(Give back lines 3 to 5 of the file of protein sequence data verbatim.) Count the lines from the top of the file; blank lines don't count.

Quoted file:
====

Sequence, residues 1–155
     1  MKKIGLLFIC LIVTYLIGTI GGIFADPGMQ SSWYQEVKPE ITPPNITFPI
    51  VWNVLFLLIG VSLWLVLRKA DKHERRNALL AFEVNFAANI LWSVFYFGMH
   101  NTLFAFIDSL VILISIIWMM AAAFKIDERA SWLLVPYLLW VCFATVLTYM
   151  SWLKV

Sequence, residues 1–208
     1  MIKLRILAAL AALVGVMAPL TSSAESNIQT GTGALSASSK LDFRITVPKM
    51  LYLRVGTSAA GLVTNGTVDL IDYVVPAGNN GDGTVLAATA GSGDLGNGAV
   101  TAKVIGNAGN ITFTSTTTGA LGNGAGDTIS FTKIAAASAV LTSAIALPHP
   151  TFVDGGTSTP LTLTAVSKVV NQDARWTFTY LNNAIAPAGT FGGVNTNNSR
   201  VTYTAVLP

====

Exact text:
    51  VWNVLFLLIG VSLWLVLRKA DKHERRNALL AFEVNFAANI LWSVFYFGMH
   101  NTLFAFIDSL VILISIIWMM AAAFKIDERA SWLLVPYLLW VCFATVLTYM
   151  SWLKV